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Multifamily Specialist

Three things you should know before buying a multifamily

With the economy currently in the state that it’s in, not just nationally, but globally, it’s important to make every single penny count. In a time of recessions, cutbacks, redundancies, and property prices tanking in a number of parts of the country, and indeed the world for that matter, it’s now more important than ever to make sound, smart, financially secure investments to protect your assets, and set you and your loved ones up for the future. As far as investments go, rather than risking literally everything in some cases, in the stock market with various stocks and shares, property is shaping up to be just as sound an investment as gold in many cases, particularly multifamily buildings.

Multifamily properties are so beneficial because as the name implies, they house a number of different families. Each of these families means a separate income from each one, allowing landlords and property owners to rake in numerous incomes on a regular basis. If you’re thinking about investing in a multifamily residence however, there are a few things to consider before you do so.

They are purchased solely for investment purposes – If you decide to take on a multifamily residency, you should be doing so for no other reason than to treat it as an investment which is designed to make you money. In simple terms, you won’t take on one of these buildings for you and your family to live in. They are designed to make you money, and if you know what you’re doing, they’ll do just that. Say for example, you purchase a building for $300,000, and brought in a net income of $30,000, then according to the ‘cap rate’, your return on this particular investment would be 10%, with a cap rate of 10.

You will be dealing with tenants – so choose wisely – Multifamily buildings house a number of different families, each member of which will actually be your tenants, as they’re living in a building which you own. Because of this, you will have to deal with tenants as a result. You’ll be responsible for a number of maintenance issues, rent collections, and other issues associated with being a landlord of a property. For this reason, it’s a great idea to screen and vet any potential tenants before you allow them to live in your property. Research their credit history, where they were living previously, whether they have any outstanding warrants, criminal convictions or drug related issues. speak to previous landlords and ask for character references and other information. If they sound like trouble, you should give them a wide berth as problem tenants can end up not only costing you money, but can also make your life, and other tenant’s lives miserable in some cases. On the flip side, if you choose respectable, hardworking, upstanding tenants, then your life will be so, so, so much easier in the long and short term.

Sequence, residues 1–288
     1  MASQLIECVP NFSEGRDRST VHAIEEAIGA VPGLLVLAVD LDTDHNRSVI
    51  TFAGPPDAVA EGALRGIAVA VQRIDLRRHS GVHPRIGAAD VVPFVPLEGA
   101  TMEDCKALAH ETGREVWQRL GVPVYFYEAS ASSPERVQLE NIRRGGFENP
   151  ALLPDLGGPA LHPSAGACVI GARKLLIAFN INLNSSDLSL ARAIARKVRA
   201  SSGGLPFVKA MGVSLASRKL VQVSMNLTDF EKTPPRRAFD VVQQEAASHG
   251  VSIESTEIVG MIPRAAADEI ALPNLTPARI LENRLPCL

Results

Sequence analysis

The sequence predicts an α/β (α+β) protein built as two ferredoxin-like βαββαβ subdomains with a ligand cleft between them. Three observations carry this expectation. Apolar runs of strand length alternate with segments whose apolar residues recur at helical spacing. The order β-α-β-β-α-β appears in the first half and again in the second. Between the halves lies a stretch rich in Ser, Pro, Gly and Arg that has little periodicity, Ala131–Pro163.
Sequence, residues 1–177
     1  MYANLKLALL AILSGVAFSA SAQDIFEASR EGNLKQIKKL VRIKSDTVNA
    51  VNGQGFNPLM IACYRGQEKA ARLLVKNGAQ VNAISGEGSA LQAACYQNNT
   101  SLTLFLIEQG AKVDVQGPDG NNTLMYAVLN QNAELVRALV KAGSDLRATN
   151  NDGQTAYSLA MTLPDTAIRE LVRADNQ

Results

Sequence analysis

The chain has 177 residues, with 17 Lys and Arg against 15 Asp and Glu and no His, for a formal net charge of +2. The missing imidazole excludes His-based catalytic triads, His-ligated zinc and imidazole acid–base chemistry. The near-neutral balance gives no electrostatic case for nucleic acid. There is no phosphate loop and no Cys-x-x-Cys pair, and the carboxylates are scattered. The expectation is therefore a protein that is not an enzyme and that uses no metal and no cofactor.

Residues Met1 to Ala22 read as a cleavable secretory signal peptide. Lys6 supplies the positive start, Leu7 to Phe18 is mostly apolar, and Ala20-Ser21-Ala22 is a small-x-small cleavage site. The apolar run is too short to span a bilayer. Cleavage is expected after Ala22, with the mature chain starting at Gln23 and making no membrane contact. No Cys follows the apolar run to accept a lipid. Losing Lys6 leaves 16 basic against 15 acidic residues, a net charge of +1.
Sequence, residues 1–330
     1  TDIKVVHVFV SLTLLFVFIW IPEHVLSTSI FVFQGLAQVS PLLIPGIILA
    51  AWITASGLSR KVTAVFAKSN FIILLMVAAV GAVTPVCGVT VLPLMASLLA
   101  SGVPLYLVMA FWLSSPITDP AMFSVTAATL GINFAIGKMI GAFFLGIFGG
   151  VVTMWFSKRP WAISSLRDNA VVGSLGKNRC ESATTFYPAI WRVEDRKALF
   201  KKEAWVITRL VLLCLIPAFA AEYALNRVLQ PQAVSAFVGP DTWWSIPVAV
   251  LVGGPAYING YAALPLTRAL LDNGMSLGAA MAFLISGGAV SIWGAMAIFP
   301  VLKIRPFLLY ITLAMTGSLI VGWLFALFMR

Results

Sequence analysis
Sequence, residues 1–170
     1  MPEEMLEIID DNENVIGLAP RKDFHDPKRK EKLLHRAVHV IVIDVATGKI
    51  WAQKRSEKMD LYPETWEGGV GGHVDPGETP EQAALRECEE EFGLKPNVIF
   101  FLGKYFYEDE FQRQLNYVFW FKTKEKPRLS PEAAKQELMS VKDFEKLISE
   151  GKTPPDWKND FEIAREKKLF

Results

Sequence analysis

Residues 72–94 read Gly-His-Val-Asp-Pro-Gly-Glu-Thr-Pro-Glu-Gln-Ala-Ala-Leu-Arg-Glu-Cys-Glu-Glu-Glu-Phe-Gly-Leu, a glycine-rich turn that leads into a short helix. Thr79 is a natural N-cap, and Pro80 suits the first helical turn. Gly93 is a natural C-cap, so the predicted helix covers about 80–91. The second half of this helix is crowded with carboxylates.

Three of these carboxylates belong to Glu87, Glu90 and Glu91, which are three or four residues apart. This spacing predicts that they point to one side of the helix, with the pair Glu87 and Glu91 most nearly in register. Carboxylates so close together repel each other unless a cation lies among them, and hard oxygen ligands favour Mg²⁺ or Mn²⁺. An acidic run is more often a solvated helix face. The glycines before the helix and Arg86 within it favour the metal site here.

You will face competition – As we mentioned, these buildings are designed to make you money, just like a business, and just like with all businesses, you will face competition, this time in the form of other landlords. Because of this, it’s important you ensure your properties, and indeed each individual living location, is kept up to a good standard, in a good state of repair and maintenance. If you let things slip, tenants and potential tenants will soon notice, and will look elsewhere for living accommodation, meaning you’re essentially handing tenants over to your competition. The buildings and living locations don’t need to look like the Ritz, but you should try to make them look presentable, and well maintained. You need to spend money to make money, and if you get your property just right, you’ll make a great deal of cash indeed.


Roberto GonzalezRG Realty